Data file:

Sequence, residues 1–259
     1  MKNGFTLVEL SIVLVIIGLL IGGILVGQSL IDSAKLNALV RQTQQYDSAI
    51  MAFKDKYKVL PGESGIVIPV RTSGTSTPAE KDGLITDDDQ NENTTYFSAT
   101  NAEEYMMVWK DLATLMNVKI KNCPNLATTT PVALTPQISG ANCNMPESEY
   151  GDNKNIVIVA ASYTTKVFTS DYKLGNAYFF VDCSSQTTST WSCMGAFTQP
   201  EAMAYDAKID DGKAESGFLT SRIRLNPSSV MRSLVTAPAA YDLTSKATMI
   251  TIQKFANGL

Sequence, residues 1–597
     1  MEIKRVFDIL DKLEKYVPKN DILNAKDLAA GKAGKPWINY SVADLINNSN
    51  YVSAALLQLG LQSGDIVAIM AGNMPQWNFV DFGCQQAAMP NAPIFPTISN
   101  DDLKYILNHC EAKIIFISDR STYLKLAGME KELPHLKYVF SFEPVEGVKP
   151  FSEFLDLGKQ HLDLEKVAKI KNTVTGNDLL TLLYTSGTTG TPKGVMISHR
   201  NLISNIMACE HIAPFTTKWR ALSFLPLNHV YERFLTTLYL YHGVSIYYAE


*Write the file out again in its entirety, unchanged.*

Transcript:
Sequence, residues 1–259
     1  MKNGFTLVEL SIVLVIIGLL IGGILVGQSL IDSAKLNALV RQTQQYDSAI
    51  MAFKDKYKVL PGESGIVIPV RTSGTSTPAE KDGLITDDDQ NENTTYFSAT
   101  NAEEYMMVWK DLATLMNVKI KNCPNLATTT PVALTPQISG ANCNMPESEY
   151  GDNKNIVIVA ASYTTKVFTS DYKLGNAYFF VDCSSQTTST WSCMGAFTQP
   201  EAMAYDAKID DGKAESGFLT SRIRLNPSSV MRSLVTAPAA YDLTSKATMI
   251  TIQKFANGL

Sequence, residues 1–597
     1  MEIKRVFDIL DKLEKYVPKN DILNAKDLAA GKAGKPWINY SVADLINNSN
    51  YVSAALLQLG LQSGDIVAIM AGNMPQWNFV DFGCQQAAMP NAPIFPTISN
   101  DDLKYILNHC EAKIIFISDR STYLKLAGME KELPHLKYVF SFEPVEGVKP
   151  FSEFLDLGKQ HLDLEKVAKI KNTVTGNDLL TLLYTSGTTG TPKGVMISHR
   201  NLISNIMACE HIAPFTTKWR ALSFLPLNHV YERFLTTLYL YHGVSIYYAE